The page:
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August 28, 1909


JAMA. 1909;LIII(9):720-721. doi:10.1001/jama.1909.02550090056006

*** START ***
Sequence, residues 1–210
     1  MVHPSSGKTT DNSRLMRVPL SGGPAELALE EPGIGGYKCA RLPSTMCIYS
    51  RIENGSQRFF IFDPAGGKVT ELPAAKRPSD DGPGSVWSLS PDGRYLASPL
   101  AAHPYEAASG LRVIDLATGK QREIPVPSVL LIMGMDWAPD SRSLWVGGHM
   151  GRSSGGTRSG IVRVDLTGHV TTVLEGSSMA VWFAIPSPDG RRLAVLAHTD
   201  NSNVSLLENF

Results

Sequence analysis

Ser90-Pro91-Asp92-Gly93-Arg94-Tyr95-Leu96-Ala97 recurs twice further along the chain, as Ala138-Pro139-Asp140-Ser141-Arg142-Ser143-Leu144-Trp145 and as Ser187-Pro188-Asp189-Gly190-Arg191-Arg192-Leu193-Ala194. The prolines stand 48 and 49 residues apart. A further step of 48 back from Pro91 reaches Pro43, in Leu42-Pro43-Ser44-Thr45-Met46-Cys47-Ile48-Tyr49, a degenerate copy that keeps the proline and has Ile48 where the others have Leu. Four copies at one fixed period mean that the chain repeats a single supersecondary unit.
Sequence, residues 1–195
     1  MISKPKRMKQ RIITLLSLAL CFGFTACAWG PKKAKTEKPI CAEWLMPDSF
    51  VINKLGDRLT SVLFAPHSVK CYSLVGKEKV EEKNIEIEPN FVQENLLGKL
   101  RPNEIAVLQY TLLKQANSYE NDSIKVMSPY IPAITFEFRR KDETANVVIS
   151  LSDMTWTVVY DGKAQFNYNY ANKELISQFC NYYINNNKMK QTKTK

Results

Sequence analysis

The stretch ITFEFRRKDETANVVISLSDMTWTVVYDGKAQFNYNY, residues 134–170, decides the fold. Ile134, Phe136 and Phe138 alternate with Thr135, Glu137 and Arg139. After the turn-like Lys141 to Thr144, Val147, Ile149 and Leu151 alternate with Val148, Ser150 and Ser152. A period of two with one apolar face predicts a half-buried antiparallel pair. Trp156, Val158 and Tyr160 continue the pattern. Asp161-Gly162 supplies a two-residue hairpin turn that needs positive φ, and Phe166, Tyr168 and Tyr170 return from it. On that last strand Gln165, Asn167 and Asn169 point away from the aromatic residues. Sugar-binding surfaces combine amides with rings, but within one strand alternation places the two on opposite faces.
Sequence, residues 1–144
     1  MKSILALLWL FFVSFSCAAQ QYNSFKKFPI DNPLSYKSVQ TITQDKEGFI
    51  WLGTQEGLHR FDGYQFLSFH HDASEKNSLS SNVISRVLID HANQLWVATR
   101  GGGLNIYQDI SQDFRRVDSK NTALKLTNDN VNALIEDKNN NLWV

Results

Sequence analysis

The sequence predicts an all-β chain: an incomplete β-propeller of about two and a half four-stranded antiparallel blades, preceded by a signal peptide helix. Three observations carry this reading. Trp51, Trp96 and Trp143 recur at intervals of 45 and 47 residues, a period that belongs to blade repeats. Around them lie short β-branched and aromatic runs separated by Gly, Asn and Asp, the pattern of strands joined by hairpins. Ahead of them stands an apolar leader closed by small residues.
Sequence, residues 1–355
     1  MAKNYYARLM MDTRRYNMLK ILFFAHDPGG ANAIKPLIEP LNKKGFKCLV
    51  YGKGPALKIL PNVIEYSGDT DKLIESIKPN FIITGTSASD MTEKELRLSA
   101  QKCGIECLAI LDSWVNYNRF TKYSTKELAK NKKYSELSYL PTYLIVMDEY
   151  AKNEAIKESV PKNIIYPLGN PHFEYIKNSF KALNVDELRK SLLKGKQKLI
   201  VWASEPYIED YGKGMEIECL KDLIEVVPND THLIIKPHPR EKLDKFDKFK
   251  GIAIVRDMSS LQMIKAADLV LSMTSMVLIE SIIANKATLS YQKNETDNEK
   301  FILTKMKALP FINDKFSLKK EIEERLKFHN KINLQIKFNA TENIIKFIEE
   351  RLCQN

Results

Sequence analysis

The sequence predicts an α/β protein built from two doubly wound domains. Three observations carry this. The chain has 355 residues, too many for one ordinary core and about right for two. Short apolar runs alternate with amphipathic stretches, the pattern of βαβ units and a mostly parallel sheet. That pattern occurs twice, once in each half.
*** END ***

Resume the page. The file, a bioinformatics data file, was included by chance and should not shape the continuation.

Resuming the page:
The fly has from time immemorial been endured as a necessary scavenger. This it is, but a scavenger necessary only to those unaccustomed to reasonable and adequate cleanliness. While on the one hand the fly removes putrefying substances, on the other it distributes material at least as pathogenic—much tuberculous material, the virus of cholera, of tetanus, of trachoma, and of anthrax. It is certainly more than a coincidence that infant mortality is greatest in fly time. Milk is a very fair culture medium for bacteria, and amidst the uncleanliness obtaining in many families among the poor, it easily becomes contaminated with the excreta of flies and with the germs clinging to their feet. One fly was found thus to be the host for a hundred thousand fecal bacteria; "and it was on its way to the nearest milk pitcher." It is now generally agreed that the dysenteries and the diarrheas